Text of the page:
I seem to have been on a novella roll this year: Wherabouts, Blue Highway, Assembly and Stella to name but four outstanding ones. Jo Hamya’s Three Rooms looked like a possible addition to that list with its premise of a young woman who passes through the titular three rooms, barely scraping a living over the year the book covers in which the fallout of the EU referendum and the Grenville Tower disaster are a background hum.
You are brown and bourgeois, and the internet does not believe you exist
Our unnamed narrator of colour has been unemployed for a year. She’s an English graduate, taking up a short teaching assistant contract at Oxford with no real enthusiasm for an academic career. She installs herself in her room in the house once lived in by Walter Prater and his sister, Clara, now filled with postdoc fellows. She soon makes the acquaintance of her tea-drinking, Brexit-voting neighbour but rarely speaks to the other residents, becoming mildly obsessed with the daughter of a fading rock star who devotes more time to her Instagram account than her studies. Once her time is up, she leaves with no regret, moving her meagre possessions to the flat where she’s rented a sofa in order to take up another brief contract as a copy editor at a society fashion magazine. Here she spends four months not fitting in, learning to eke out her paltry wages by selling promotional freebies, speaking only to her colleagues and her flatmate. When the contract ends, she has little option but to give in to her mother’s pleas to return to the small market town where her parents live, spending time contemplating Tate Britain’s Turner collection before she leaves. Throughout it all, our narrator has left little or no impression, either on her surroundings or the people she’s met.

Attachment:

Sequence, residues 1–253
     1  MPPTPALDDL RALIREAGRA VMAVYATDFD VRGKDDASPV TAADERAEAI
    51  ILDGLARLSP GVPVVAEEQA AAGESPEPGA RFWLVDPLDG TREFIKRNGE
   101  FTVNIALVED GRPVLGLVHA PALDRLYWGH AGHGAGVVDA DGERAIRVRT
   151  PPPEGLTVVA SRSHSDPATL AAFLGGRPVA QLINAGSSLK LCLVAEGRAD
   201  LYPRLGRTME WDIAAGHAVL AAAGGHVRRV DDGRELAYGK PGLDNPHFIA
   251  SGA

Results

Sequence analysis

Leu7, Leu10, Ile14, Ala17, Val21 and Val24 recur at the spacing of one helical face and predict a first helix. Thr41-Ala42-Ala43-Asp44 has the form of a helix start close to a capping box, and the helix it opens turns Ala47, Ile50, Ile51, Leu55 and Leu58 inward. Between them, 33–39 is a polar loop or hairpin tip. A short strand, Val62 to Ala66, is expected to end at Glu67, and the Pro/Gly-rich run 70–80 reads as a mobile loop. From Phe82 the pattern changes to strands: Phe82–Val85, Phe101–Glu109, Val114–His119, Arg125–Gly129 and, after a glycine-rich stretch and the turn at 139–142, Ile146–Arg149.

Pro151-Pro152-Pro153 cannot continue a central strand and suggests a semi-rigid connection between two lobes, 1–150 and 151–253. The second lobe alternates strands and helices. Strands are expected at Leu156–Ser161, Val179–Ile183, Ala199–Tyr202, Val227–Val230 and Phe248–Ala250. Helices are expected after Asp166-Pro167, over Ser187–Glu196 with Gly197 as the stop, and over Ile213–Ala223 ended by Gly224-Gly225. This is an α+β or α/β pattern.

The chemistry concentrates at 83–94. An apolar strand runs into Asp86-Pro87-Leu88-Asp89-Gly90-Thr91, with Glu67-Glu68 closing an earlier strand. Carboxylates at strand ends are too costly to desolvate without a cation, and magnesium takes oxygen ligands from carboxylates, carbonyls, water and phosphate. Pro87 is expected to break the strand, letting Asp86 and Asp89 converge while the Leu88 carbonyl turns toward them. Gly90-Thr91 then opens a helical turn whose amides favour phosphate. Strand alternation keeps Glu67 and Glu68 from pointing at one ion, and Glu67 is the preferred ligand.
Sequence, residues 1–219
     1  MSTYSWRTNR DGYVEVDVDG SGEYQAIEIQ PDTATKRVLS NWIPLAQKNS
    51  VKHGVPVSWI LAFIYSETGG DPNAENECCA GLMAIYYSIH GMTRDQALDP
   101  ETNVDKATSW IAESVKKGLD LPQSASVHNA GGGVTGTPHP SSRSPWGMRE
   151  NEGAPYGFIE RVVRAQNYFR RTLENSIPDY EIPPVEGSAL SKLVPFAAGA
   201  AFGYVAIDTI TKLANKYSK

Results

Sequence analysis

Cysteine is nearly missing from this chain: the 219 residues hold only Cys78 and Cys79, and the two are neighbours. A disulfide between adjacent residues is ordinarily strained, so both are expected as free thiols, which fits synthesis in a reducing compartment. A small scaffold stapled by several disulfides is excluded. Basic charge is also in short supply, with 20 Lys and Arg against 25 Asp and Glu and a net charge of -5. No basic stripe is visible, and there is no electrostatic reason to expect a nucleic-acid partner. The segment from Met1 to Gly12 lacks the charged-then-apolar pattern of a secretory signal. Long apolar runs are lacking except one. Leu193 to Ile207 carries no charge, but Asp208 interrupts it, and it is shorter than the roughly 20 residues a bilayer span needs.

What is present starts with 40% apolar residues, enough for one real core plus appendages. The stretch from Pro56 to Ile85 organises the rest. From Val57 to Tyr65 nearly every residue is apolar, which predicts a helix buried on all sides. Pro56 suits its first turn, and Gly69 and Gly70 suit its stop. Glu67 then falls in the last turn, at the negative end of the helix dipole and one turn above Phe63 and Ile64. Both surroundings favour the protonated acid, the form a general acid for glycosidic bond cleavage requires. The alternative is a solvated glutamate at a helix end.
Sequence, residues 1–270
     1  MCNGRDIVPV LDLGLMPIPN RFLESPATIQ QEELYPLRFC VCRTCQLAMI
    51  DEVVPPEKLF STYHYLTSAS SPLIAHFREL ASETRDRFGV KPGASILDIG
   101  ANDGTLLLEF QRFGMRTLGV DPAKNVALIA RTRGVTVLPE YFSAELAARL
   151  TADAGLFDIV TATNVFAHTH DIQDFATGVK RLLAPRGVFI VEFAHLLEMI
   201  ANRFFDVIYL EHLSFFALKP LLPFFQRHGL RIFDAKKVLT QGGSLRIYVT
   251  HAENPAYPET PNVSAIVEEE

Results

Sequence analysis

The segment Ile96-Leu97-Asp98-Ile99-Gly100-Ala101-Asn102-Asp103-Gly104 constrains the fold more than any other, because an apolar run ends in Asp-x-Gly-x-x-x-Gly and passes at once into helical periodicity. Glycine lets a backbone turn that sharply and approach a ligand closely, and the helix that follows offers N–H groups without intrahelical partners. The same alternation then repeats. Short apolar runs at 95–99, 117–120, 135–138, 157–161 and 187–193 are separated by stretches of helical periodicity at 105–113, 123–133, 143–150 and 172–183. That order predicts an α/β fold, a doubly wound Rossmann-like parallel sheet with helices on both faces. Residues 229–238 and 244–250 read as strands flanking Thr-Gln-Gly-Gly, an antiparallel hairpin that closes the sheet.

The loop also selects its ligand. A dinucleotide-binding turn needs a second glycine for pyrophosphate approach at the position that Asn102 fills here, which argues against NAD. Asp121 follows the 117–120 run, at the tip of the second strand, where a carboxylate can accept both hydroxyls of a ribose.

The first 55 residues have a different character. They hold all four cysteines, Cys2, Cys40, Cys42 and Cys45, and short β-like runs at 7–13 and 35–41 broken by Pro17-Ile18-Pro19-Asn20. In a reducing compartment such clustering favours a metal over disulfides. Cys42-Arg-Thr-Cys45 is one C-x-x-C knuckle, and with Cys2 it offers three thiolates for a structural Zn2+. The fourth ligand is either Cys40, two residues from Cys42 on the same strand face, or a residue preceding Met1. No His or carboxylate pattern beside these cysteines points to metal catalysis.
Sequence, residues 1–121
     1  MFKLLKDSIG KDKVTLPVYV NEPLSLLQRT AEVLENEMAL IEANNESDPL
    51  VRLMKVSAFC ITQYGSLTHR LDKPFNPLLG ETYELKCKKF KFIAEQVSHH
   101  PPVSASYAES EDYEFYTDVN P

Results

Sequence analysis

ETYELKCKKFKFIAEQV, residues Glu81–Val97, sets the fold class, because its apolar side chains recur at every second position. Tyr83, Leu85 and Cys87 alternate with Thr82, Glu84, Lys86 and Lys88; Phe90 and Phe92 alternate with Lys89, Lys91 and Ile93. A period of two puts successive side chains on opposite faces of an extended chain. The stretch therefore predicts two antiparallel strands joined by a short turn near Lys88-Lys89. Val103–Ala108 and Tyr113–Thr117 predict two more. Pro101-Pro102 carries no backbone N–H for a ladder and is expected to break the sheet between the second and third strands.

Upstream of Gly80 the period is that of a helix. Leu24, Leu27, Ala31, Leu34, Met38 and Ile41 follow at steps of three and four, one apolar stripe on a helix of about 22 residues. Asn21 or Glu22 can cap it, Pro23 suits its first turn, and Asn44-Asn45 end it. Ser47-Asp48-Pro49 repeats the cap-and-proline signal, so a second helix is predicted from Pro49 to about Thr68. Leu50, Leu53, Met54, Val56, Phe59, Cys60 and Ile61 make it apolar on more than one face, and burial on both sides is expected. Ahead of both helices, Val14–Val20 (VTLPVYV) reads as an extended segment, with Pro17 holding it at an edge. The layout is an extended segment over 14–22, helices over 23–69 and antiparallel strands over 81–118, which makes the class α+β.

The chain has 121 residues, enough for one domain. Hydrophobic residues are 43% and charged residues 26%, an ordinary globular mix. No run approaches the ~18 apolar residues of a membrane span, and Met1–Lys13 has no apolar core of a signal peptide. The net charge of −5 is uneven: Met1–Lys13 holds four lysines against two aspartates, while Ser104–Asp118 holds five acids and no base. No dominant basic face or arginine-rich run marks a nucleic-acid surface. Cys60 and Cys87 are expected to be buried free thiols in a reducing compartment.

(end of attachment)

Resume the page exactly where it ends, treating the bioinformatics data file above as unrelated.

Leaving work was like being broken up with within a semi-abusive relationship
I wasn’t at all sure I would take to Hamya’s novella with its rather formal style, not one I particularly enjoy, but it suits its narrator well. She’s a bystander rather than a participant, and Hamya’s coolly distant voice emphasises that. Each of the three rooms has a section, ending with the Clore Gallery where our narrator gathers her thoughts about herself and her country, changed by the referendum vote which brought a simmering xenophobia and racism to the surface. Privilege and inequality, both intergenerational and socioeconomic, are adroitly explored. Events which mark the politically turbulent year beginning in the late summer 2018 provide a sharply observed backdrop and there’s some quiet humour to enjoy. I particularly liked the bookselling flatmate’s pithy riposte to ‘You’ve got the best job in the world’. I’m pretty sure Hamya worked in a bookshop at some stage. In some ways Three Rooms explores similar territory to Natasha Brown’s extraordinarily powerful Assembly. Of the two I prefer Brown’s novella, but it did set the bar remarkably high.
Jonathan Cape: London 9781787333314 208 pages Hardback (Read via NetGalley)